Planning a Jeans Manufacturing Timeline
David knew that he wanted his private label jeans on his racks in time for the Fall/Winter season. That meant that his private label manufacturing process needed to complete and that he needed to receive the products in store by August 30, just in time to start selling.
Manufacturing a custom product takes longer than wholesale. It works differently from, say, fast fashion. The manufacturing process requires sampling (6 weeks for each jeans sample), refining of the sample (6 weeks for each pre-production sample), production (4 weeks for production), and international shipping (1 week).
Knowing that, David worked backwards to figure out his manufacturing timeline since he would be working with a high-quality Italian manufacturer overseas to make his jeans. He knew that most brands do 4-7 prototypes of each new article of clothing, but he was confident that since he had a highly-vetted and experienced Italian manufacturer working with him, he could get the perfect pre-production jeans sample in one try.
David figured that if he made a first sample, reviewed it, and gave feedback to the factory for a second pre-production sample, he could then approve his production order, and in total, the process would take 19 weeks. He added a few weeks for buffer just in case, and decided to start his private label manufacturing process on February 28, 24 weeks (6 months) before August 30.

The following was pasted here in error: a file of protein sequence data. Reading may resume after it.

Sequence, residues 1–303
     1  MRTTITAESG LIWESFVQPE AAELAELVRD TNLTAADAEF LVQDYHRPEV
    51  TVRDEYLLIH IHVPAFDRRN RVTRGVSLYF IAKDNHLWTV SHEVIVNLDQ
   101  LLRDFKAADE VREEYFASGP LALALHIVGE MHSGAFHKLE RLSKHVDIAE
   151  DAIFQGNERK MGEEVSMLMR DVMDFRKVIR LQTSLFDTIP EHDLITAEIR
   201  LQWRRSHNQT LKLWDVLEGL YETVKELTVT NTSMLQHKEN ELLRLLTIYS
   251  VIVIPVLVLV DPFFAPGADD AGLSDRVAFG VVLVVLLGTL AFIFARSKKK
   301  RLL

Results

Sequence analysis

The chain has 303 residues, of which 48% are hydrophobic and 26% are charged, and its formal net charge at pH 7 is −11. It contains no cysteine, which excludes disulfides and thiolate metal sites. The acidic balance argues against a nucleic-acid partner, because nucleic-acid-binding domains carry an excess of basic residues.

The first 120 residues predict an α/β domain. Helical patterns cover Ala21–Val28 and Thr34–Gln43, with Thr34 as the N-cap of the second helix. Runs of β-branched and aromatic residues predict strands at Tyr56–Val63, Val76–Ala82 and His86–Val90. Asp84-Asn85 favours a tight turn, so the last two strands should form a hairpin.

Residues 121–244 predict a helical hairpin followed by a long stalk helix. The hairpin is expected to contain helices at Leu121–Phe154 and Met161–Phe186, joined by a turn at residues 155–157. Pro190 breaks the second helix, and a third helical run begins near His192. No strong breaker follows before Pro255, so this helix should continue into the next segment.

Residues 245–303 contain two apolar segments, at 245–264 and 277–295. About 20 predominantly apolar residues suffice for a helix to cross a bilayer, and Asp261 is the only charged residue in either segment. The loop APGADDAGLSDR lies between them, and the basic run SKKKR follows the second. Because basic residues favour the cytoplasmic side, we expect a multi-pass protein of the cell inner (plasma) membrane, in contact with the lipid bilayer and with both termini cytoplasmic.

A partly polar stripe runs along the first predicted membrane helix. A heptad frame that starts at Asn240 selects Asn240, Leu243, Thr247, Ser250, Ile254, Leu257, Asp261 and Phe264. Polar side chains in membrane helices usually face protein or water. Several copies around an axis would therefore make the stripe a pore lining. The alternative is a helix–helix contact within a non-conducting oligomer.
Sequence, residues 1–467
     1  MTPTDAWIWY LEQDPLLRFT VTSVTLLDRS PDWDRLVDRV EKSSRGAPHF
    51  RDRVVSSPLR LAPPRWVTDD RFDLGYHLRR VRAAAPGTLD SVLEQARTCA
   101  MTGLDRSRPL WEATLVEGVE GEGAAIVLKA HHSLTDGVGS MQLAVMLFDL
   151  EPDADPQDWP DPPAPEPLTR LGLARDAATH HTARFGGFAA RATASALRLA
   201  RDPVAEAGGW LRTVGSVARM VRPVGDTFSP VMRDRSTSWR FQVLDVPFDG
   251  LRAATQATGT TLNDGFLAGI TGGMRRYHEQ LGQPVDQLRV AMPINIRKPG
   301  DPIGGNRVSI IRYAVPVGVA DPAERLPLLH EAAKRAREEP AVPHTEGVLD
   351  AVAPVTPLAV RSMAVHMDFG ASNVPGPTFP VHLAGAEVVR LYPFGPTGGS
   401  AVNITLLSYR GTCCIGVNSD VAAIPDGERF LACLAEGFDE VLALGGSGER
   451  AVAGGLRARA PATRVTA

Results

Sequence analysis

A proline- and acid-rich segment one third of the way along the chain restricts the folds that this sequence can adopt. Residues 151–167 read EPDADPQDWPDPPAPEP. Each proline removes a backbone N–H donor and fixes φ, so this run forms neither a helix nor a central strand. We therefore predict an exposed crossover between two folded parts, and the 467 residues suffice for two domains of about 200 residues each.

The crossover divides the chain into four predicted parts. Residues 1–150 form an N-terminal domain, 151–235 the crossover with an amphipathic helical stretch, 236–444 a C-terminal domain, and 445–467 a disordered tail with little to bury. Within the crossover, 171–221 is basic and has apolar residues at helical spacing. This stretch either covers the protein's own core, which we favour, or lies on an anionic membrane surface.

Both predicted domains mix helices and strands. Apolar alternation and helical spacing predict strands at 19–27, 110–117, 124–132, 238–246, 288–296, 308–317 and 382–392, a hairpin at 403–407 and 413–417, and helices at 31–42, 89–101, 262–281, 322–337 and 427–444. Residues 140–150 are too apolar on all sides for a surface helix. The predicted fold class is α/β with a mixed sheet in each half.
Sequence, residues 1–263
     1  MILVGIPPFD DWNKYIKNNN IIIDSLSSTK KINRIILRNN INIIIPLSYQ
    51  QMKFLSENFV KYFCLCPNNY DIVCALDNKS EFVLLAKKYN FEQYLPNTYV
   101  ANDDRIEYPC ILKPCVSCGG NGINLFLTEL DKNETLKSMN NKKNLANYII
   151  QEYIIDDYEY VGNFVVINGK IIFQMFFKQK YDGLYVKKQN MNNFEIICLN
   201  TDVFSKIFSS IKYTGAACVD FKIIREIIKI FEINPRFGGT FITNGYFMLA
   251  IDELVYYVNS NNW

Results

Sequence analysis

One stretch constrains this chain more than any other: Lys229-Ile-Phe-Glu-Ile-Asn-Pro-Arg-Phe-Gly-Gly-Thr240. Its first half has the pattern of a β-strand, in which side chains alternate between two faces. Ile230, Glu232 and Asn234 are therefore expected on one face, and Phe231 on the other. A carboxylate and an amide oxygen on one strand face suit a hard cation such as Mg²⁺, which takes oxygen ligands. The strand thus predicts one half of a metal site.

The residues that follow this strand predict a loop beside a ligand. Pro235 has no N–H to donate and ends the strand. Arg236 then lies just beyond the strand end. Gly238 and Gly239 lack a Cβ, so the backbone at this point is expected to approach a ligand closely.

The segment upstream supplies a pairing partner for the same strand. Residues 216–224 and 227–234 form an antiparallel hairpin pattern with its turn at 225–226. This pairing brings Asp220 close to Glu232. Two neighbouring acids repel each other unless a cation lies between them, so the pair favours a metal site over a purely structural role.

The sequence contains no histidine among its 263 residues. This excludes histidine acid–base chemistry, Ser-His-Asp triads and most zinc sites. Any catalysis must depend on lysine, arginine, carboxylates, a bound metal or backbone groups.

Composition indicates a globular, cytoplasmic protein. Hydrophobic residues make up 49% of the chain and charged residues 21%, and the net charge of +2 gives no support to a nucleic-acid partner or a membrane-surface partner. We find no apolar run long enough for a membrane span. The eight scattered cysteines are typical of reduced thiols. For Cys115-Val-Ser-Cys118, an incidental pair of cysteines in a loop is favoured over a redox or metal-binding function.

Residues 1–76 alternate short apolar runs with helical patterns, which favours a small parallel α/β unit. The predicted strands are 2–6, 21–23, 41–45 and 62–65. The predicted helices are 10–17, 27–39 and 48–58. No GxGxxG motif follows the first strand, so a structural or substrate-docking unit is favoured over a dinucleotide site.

Getting the Lowest Cost Per Jeans Unit
David used to buy 100 jeans from his wholesaler for $87 each at the wholesale price, spending a total of $8,700. He then retailed these jeans at his boutique for $175 each. His profit margin was $88 per unit with the traditional wholesale model.
Once he made the switch to private label garment manufacturing, MakersValley connected him with an independent manufacturer in Italy who quoted him $19 per pair of jeans to produce his own Made in Italy design with 100% Italian denim. The profit margin difference was obvious, and so was the business decision (check out the infographic).
Should You Sell Private Label Clothing?
So how much does it cost to start a clothing line?
By manufacturing his own private label jeans, David spent a total of $1,900 for manufacturing, $300 for gradings (sizes), $125 for the samples, $597 in MakersValley membership fees ($199/mo for premium membership), and $459 for shipping & custom duties (to ship the jeans from the factory door to his boutique), for a total manufacturing cost of $3,381 (his total cost).
David saved a total of $5,319 by making jeans using MakersValley (instead of the traditional wholesale model).
After transitioning from traditional wholesale to starting a private label brand, David’s profit margin increased to $156 per unit (versus $88 per unit with the wholesale model), resulting in a profit margin increase per unit of 55%!
Other retail shop owners have discovered, like David, that sourcing inventory using private label manufacturing leads to bigger and better profit margins than sourcing from wholesale clothing suppliers. While private label does take more time, the advantages of it are three-fold.